St Peter & St Paul’s Church
Our church is a unique and remarkable example of Victorian parish architecture. The Parish Church of St Peter and St Paul has stood halfway up the hill overlooking Albury village for more than a hundred and sixty years, since it replaced the Old Saxon Church in Albury Park.
If you look out of its great west door, down the Tillingbourne valley, past St Martha’s-on- the-Hill, towards the valley of the Wey, you will see immediately why it was sited here.
St Peter and St Paul’s looks out over some of the most beautiful scenery in the county, completely at home in its surroundings.
In 1839 Henry Drummond M.P., of the mansion in Albury Park, began to build two new churches. These were to replace the Old Parish Church that neighboured his mansion. The new Catholic Apostolic Church, near Sherbourne, was to accommodate his fellow Catholic Apostolics, or Irvingites, with whom the Rector of Albury, the Reverend Hugh Neile, had come to fall out. The other, the new Parish Church of St Peter and St Paul, was built a mile away in the hamlet of Weston Street that came to be known as Albury in later years. The Catholic Apostolic Church was completed in 1840 and St Peter and St Paul in following year. St Peter and St Paul’s arched and ornamented red brick Romanesque outside gives no suggestion of the fine proportions and clear vistas of the uncomplicated interior.
As you enter through the west door, you will see to your left, the list of Albury Rectors going back more than 750 years and also the earliest monument in the church. This is dedicated to Elizabeth Margaret Plummer, who died in 1844, and to her granddaughter. Walking through the glazed doors, sense the proportions, openness and lightness and the way that your eye focuses immediately on the reredos behind the altar, with its red cross standing on a gold background.
The War Memorials
Half way down the south wall are the War Memorials to those from Albury who died serving their country in the two World Wars. A local artist, Gerald F. Metcalfe of Albury Heath, designed both and a local postman was the model for the relief figure.
The First War memorial, with its arch and decoration, reflects the romanesque character of the church’s exterior. It is made of Hopton Wood stone, a kind of marble. The painted insert above the names depicts an angel reading the names of the fallen with two others praising and thanking God for the spirit of sacrifice which He has instilled in mankind.
Metcalfe was dissatisfied with the second memorial. Restricted funds limited his design and prevented him from using his chosen mason. These disappointments were compounded when the two monuments were mounted in a way that he did not expect and were made to stand out against a light coloured wall-paint of which he did not approve.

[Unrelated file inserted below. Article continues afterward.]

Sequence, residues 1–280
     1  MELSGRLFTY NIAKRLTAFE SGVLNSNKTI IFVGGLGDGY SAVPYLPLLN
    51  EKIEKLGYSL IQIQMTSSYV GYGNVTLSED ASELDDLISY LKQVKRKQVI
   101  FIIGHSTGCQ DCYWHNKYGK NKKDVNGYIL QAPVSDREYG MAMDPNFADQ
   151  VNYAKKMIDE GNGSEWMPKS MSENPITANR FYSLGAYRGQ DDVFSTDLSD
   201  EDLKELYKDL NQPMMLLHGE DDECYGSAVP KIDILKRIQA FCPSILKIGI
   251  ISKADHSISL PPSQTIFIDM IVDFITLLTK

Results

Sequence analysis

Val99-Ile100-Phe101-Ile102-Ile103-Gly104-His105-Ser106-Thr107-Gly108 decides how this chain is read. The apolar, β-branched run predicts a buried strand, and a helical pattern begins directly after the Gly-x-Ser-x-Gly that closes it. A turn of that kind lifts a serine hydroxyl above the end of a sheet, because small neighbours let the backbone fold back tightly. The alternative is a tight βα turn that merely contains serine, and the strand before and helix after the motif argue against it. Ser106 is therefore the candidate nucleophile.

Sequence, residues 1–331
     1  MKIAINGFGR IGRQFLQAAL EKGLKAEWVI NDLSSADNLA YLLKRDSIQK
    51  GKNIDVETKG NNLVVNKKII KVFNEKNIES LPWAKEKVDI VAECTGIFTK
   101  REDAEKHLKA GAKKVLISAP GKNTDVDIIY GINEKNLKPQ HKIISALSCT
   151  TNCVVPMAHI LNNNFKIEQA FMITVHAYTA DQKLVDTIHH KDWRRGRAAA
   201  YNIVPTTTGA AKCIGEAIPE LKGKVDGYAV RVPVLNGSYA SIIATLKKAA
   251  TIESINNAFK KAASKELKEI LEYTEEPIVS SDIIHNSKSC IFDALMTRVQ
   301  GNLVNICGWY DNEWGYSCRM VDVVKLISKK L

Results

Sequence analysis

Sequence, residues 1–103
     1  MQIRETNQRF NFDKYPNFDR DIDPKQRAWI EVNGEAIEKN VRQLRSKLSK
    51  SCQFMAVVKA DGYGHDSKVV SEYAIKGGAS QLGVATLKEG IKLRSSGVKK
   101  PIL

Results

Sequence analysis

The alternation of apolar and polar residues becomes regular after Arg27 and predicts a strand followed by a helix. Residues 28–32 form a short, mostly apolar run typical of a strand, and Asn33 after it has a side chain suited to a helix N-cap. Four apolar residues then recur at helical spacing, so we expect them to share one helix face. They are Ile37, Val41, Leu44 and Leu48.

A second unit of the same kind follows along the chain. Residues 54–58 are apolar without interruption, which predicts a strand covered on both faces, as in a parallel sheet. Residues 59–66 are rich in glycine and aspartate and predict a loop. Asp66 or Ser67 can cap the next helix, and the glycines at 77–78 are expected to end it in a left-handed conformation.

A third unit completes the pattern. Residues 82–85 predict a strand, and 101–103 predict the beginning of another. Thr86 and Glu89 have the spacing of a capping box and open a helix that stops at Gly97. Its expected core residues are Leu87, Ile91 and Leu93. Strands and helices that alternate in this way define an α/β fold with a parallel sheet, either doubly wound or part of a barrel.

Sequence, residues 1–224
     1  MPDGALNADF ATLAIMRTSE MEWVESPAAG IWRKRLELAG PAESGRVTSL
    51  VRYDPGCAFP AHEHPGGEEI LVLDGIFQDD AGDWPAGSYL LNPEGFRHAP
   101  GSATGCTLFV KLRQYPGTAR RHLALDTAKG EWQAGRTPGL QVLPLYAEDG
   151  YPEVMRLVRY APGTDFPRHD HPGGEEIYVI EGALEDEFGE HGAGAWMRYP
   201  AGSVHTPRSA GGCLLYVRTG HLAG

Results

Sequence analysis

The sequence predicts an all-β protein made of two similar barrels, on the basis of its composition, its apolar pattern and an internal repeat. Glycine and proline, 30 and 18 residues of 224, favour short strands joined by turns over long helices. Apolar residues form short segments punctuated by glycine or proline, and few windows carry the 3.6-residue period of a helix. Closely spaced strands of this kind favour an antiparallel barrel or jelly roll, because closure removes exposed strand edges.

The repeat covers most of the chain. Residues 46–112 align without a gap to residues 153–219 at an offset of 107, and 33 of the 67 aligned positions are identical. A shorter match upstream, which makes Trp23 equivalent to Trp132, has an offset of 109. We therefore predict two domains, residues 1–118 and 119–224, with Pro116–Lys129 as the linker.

The memorials commemorate the deaths of many young men whose families still live in Albury.
The St George Banner which is displayed on the west wall, was finished in 1945 as a commemoration of the service and sacrifice of all who served the civilian population during the war. She also designed the Mother’s Union banner which is not on display.
Look at the capitals of the pilasters that flank the windows in the chancel. Each is different and is symbolic. They were designed by a local lady in consultation with the Rector.
The present organ, with its triple manual, was not built until 1935. It was the gift of Miss Capadose, who made other generous donations to the church. Sir Harold Darke, the eminent organist, advised the choice of this Compton organ, which is of exceptional quality. Its installation required the conversion of the west gallery into an organ loft and the introduction of the two oak pillars near the west doors to give support.
The Rector (George Raymond Portal) donated the great eagle of the lectern when Sir Arthur Blomfield added the chancel in 1869.
The Northumberland Memorial Chapel
Edward Maufe, architect of Guildford Cathedral converted the Chapel from the north transept in 1939. It forms a memorial chapel for the eighth Duke of Northumberland, Alan Ian, whose Garter Banner hangs over the altar. His family, who paid for the development, was to suffer the loss of the eldest son, the ninth Duke, Henry George Alan, in the following year when he was killed in action in France, and the Chapel also commemorates his death. The sixth Duke’s hatchment hangs on the west wall of the chapel. Plaques commemorating other local men who died in the 1914-18 war as well as some notable servants of the Albury community who died at other times have been mounted on the north wall. There is also a plaque commemorating the Reverend George Portal who was responsible for many of the donations and much of the work involved in the 1870 extension and improvements. It notes his founding of the National Provident Friendly Society in 1868.
The altar frontal is of the same material that was used at the coronation of King George VI in 1937.
Most of the original stained glass windows of the church were destroyed or damaged by a flying bomb that fell on Weston Wood in 1944. Most of those destroyed were replaced with plain glass, which was the extent for which the War Damage Commission would pay compensation. However, in 1949 public subscription secured new stained glass in the east end. Gerald Smith of A.K. Nicholson and Son designed these three windows.
Three original lights remain: the Good Shepherd window in the south wall of the nave, and the windows in the organ loft, half hidden since the installation of the organ in 1935.
A remarkably fine new window was added in 1999 to celebrate the millennium. The window, which is on the north wall, was designed by Susan Ashworth, a member of The British Society of Master Glass Artists. Working to a brief drawn up by the Albury PCC, Susan has created a stunning window depicting Christ with Simon Peter and Andrew fishing on one of Albury’s many ponds with St Martha’s in the background.